Tuesday, November 29, 2011

Making your Apache Web Server more secure

I just wanted to post a few tips that you can use on your Apache 2.2 web server to help make your server a little more secure.  This isn't a list of every security measure you can take but, just a few tips.

One of the first things you should do to secure your Apache installation is to configure Apache file permissions.  This will help mitigate access to primary systems if someone is able to hack into your server through Apache. You can do this by performing the following steps (there are a few, fair warning):
  1. After Apache Web server has been installed open the "Computer Management" console by doing the following:
    1. Click on "Start"
    2. Go to "Administrative Tools"
    3. Click on "Computer Management"
  2. In the "Computer Management" window, expand the "Local Users and Groups" section.  Click on "Users" to see a list of the current users for your system.
  3. Right-click on "Users" and select the "New User" option.
  4. Enter the following information for the new user:
    1. User name
      1. apacheservice
    2. Password
      1. adminpw123 <put something secure here>
    3. Confirm Password
      1. adminpw123 <reminder, change this to something secure>
    4. Clear the "User must change password" check box
    5. Select the "User cannot change password" check box
    6. Select the "Password never expires" check box
  5. Click the "Create" button and then click "Close" to close the "New User" dialog.
  6. Right-click the "apacheservice" user you just created and select "Properties". Click the "Member Of" tab.
  7. Make sure the "apacheservice" user is a "Member Of" the "Users" group.  Click "Cancel" to close the properties window.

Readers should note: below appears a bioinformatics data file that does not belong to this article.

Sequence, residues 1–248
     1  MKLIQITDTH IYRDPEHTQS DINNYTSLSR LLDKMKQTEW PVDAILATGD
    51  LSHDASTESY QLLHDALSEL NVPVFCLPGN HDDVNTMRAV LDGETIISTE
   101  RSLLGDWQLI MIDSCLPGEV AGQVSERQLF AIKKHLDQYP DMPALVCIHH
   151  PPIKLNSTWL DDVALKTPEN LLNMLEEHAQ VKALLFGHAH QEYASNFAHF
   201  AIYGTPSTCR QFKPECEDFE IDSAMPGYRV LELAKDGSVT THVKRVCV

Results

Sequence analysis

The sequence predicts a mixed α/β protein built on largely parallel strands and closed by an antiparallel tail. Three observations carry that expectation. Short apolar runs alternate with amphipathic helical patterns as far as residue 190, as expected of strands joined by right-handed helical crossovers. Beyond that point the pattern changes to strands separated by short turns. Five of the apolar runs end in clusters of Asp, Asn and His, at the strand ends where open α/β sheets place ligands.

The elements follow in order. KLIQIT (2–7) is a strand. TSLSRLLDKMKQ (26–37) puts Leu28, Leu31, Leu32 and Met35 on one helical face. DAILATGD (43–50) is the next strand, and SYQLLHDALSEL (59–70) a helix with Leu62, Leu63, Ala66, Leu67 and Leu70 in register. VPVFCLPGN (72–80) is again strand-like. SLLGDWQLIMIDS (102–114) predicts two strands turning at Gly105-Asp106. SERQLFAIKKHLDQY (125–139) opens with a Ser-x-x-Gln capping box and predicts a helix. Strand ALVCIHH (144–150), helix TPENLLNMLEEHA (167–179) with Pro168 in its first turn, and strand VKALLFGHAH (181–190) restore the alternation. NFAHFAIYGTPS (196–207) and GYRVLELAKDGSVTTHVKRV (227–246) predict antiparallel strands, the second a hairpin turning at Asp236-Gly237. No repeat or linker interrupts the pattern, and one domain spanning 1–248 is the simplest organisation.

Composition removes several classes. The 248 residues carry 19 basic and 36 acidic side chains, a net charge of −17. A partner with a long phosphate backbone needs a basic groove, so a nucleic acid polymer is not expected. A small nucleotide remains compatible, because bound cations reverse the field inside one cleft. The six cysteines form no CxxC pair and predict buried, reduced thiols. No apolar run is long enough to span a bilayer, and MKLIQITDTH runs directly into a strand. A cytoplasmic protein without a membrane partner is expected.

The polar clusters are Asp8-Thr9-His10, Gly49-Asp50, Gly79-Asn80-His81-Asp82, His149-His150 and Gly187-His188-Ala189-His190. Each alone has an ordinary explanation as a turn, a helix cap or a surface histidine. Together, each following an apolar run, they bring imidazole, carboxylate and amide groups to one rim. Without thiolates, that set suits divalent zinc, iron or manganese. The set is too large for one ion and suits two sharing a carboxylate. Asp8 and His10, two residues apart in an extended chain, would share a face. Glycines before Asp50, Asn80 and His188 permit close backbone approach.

8. Exit out of the "Computer Management" console.
  9. Open the "Services" console by doing the following:
    1. Click on "Start"
    2. Go to "Administrative Tools"
    3. Click on "Services"
  10. Right-click the "Apache2" service and select "Stop".
  11. Open Windows Explorer (not Internet Explorer) and navigate to the following:
    1. C:\Program Files\Apache Software Foundation\Apache2.2
  12. Right-click the "Apache2.2" folder, select "Properties" and then select the "Security" tab.
  13. Make sure that only READ and EXECUTE permissions are granted to the Users group.
  14. No changes should be necessary so just click "Cancel".
  15. Using Windows Explorer, review the permissions for the following:
    1. C:\Program Files\Apache Software Foundation\Apache2.2\logs
  16. Now, we do want to change permissions on the "logs" directory.  To do that do the following:
    1. In the logs Properties dialog's Security tab, click the "Advanced" button.
    2. Clear the "Allow inheritable permissions from the parent" check box.
    3. Click "Remove" in the security window.
    4. Select the "Replace permissions on all child objects" check box and click the "Add" button.
    5. In the "Enter the object name to select" field, type the username "administrator" and click OK.
    6. Under "Allow", select the check box for "Full Control" and click OK.
    7. Click the "Add" button again and in the "Enter the object name to select" field, type the username "apacheservice" and click OK.
    8. Select the following check boxes under Allow:
      1. List Folder/Read Data
      2. Read Attributes
      3. Read Extended Attributes
      4. Create Files/Write Data
      5. Create Folder/Append Data
      6. Write Attributes
      7. Write Extended Attributes
      8. Read Permissions
    9. Click OK when done.
  17. Click OK to close the "Advanced Security Settings" window and again, click OK when asked to continue.
  18. If you check permissions for the "apacheservice" user in the logs Properties dialog's Security tab, you will find we should now have read / write access only.
  19. Click OK to exit out of the logs Properties window.